4- Ensuring Shia’s Continued Dominance on Power. Iran’s interest in further intensifying its influence in Iraq is part of of its interest in ensuring to keep the current political equation in Iraq unchanged, where Shia forces dominate Iraq’s political regime. In this context, Iran is aware that potential changes in the current power hierarchy and reduction of Shiite influence in Iraq can possibly foment sectarian tensions with Iraq. For this reason, first and foremost, it is concerned with the Shiite dimension and the unity of Shia to the extent that this became to dominate its policy.
5- Preventing Institutionalizing the Role of Washington and Allies after ISIS is Defeated. Iran sought to prevent this process on the long-term in Iraq, and opposed U.S. military presence and long-standing military bases near its border. In its view, such presence aims to surround Iran from its western border.
Currently, and after operations against ISIS in Iraq are over, Iran seeks to indirectly force the U.S.-led global coalition to exit the Iraqi arena and ensure its role would not further expand. In this context, it recognizes that possessing political tools inside Iraq in the coming period will help achieve this goal.
6- Iran’s Desire to Continue to Rein in Iraqi Kurds’ Power. That is because it fears any potential growth of the Iraqi Kurds’ power in the future, and the possibility that they would resume their bid to break away from the Iraqi central government. The reason is that this bears negative implications for the Kurdish issue inside Iran itself, where they account for 10 per cent of the population.
Iran’s bid to substantially influence the upcoming parliamentary elections in Iraq faces a group of obstacles that can be outlined as follows:
1- Limits Drawn up by Iraq’s Supreme Religious Authority for the Elections. Led by Ali al-Sistani, this clerical authority is among the most significant political drivers of Iraq’s policy. After parliamentary elections, it always offers its opinion on Iraqi candidates for premiership. This was clearly stated regarding both Nouri al-Maliki and Haider al-Abadi.
The supreme religious authority’s attitude from incumbent prime minister al-Abadi indicate its strong support for a second term for him, which opposes Iran’s current bid to support Hadi al-Ameri’s nomination for prime minister.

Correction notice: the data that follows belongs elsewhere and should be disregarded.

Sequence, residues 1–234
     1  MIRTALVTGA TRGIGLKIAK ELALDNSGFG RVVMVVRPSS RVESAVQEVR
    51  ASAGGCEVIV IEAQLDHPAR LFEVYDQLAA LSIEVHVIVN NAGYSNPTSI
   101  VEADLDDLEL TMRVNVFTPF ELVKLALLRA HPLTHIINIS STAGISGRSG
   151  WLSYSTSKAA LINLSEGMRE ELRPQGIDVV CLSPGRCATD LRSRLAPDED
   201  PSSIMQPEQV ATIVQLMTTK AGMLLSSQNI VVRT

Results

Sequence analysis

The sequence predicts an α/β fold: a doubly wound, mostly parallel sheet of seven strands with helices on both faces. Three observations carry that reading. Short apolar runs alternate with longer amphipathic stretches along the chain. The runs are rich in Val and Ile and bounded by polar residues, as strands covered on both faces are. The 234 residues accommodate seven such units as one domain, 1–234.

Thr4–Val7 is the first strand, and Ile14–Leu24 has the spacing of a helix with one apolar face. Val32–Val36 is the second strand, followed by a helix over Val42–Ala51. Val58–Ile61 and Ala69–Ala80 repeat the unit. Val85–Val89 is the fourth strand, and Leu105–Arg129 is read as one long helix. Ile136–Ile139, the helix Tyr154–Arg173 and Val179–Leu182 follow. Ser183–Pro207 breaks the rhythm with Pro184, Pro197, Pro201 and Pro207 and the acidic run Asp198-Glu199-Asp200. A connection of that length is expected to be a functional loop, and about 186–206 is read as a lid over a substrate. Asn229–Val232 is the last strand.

In this context, it should be noted that al-Sistani’s stressed that former senior officials who are corrupt and those who have failed should not be re-elected. The call was widely understood to mean former prime minister al-Maliki. Al-Sistani also called Iraqis not to elect sectarian people, and his warning was interpreted to mean Hadi al-Ameri, who is backed by Tehran.
2- The Current U.S. Project for Post-ISIS Iraq. Following Nouri al-Maliki’s rule, which allowed Iran to cut deep in Iraq, the U.S. concluded that it is necessary to back moderate Shiite figures bidding for premiership to prevent Iran from expanding its influence in Iraq. That is, it appears to be satisfied with current PM Haider al-Abadi, who is considered in some circles in the U.S. as Washington’s man in Baghdad. The implicit U.S. support for al-Abadi’s bid for a second term is evidenced in its condemnation of Iran’s interference in the Iraqi elections. As a result, Iran’s current plan for interfering in the Iraqi elections will face opposition specifically from the Americans.
3- Fragmentation of the Iraqi Shiite Bloc. This bloc is participating in the upcoming parliamentary elections with five separate coalitions. These are the Nasr Al Iraq coalition, led by al-Abadi; the al-Fatah al-Mubin coalition, led by Hadi al-Ameri; the State of Law coalition, led by Nouri al-Maliki; the Sairoun Alliance, led by cleric Muqtada al-Sadr; and the al-Hikma, led by cleric Ammar al-Hakeem. This is unprecedented for Ira’s Shiites who contested elections in 2005, 2010 and 2014 with two main coalitions. This fragmentation will make it more difficult for Tehran to achieve Shiite consensus about a certain figure it prefers for the position of prime minister after the elections are over.
It cannot be asserted with any certainty that Iran’s current policy towards the Iraqi elections can continue in this manner after the elections. That is because Iran’s policy is characterized by flexibility and political realism that may allow a comprehensive change to this policy thus making it possible to eventually earn the loyalty of the Shiite population. This is evidenced in the fact that Iran sacrificed Nouri al-Maliki after the 2014 legislative elections.
Iran’s backing for Hadi al-Ameri at the expense of Haider al-Abadi could be no more than a message to, and pressure on al-Abadi to dissuade him from his current policy of opening up to Arab states in general and Saudi Arabia in particular. The message would read that Iran can use any seats garnered by the al-Fatah al-Mubin Alliance to bargain with al-Abadi on this issue in particular at the new parliament when a vote is held to choose Iraq’s next prime minister.